Reasons for Genetic Counseling

Genetic Counselors provide information and support to patients and families in many different specialty clinic settings.  More specific information regarding common reasons patients are referred for genetic counseling can be found here.

A genetic counselor working in the field of neurology specializes in understanding conditions that affect the brain, the nerves, and muscles.  These conditions may result in problems with movement, memory, strength, or coordination.

A pediatric genetic counselor works with newborns, infants, and children with known or suspected genetic conditions and/or birth defects.  Usually a child will be initially seen by a geneticist (genetics doctor) in addition to the genetic counselor.  The geneticist is trained to perform a clinical evaluation and is the one who can actually diagnose your child with a genetic disorder.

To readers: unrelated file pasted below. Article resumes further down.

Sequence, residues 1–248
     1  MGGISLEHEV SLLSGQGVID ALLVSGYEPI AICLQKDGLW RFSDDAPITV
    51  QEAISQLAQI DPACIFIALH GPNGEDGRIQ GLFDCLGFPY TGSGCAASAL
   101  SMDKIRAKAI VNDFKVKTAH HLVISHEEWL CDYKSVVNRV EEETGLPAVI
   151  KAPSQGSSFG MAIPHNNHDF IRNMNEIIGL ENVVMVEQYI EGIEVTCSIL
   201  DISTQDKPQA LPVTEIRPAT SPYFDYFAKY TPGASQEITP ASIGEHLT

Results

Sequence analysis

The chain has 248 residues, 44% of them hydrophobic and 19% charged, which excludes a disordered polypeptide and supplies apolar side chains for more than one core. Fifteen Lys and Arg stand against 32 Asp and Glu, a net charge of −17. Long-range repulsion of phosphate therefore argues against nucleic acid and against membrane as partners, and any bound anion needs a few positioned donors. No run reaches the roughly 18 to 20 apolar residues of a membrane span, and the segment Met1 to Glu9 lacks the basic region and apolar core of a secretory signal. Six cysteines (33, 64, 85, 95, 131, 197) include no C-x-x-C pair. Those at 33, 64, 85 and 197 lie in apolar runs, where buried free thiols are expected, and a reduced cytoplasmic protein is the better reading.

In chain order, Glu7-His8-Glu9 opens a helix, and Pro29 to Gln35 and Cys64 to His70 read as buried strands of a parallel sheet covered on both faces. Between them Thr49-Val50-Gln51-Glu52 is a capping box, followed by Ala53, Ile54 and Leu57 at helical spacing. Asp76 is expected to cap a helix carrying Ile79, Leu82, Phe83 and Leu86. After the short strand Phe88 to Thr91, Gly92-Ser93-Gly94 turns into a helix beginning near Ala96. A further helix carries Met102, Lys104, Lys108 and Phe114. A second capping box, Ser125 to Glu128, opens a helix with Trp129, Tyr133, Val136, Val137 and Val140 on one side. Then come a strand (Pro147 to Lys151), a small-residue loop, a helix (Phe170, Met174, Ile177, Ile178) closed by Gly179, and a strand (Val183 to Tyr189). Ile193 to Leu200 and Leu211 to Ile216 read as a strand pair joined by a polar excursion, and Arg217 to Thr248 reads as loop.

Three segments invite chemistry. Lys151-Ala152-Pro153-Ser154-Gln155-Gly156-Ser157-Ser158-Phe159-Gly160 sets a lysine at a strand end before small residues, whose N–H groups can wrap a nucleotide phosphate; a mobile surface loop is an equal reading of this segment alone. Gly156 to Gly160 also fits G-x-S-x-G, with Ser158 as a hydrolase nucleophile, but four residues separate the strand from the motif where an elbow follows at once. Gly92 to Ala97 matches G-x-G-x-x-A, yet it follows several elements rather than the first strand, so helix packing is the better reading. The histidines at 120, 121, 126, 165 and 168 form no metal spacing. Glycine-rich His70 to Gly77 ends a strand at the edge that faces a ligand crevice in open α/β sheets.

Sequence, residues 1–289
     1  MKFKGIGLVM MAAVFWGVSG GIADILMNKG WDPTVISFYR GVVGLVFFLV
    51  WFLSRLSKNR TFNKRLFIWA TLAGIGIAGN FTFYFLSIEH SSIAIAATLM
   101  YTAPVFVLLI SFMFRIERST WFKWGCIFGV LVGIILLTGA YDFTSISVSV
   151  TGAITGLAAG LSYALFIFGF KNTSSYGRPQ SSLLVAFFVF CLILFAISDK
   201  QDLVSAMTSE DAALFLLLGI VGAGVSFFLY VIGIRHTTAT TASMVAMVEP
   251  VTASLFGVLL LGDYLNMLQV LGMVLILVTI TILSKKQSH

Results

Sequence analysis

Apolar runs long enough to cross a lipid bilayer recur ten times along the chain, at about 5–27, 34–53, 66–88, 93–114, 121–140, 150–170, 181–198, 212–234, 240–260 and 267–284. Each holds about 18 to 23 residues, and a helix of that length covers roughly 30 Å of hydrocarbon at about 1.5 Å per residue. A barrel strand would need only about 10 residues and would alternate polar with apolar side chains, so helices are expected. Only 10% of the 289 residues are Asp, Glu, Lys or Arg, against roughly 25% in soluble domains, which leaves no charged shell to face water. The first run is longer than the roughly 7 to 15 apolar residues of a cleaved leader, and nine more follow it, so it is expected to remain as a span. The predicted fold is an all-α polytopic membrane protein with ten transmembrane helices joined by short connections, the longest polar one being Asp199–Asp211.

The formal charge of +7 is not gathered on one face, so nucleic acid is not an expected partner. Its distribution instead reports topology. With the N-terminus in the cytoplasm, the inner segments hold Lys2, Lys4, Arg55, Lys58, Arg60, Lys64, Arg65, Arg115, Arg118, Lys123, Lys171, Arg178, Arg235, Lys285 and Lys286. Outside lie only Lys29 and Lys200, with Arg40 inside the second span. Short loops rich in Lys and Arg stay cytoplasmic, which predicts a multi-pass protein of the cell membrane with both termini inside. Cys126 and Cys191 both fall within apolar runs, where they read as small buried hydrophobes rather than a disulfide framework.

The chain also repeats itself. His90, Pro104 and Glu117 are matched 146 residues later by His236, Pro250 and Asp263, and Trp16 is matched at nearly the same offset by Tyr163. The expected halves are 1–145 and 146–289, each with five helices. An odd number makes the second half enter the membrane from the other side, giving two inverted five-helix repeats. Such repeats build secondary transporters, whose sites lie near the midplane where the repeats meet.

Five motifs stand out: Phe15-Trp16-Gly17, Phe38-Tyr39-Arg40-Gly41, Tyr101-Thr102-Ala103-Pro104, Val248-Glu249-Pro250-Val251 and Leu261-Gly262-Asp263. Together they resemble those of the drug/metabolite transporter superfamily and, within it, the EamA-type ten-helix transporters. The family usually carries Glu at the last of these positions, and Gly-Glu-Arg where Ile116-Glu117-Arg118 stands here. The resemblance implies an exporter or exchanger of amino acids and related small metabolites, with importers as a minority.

A genetic counselor working in newborn screening specializes in public health genetics, metabolic and endocrine diseases, hemoglobinopathies, primary immune disease, cystic fibrosis, hearing loss, and critical heart disease. Newborn screening genetic counselors may work for the state health department or meet with babies and their families in clinic.

A cancer genetic counselor meets with individuals and families to help them understand if they have a higher risk of cancer due to a hereditary cancer condition.  Most cancers occur due to non-inherited causes, such as changes with increasing age, and exposures such as tobacco use. About 10% of all cancers are hereditary.  In hereditary cancer families, multiple relatives have an increased risk for specific cancers. Families with hereditary risk can make informed medical decisions, to optimize cancer prevention and early detection.

A cardiovascular genetic counselor specializes in understanding the genetic conditions that affect the heart.

A prenatal genetic counselor meets with individuals and couples who are expecting or are in the process of planning a pregnancy.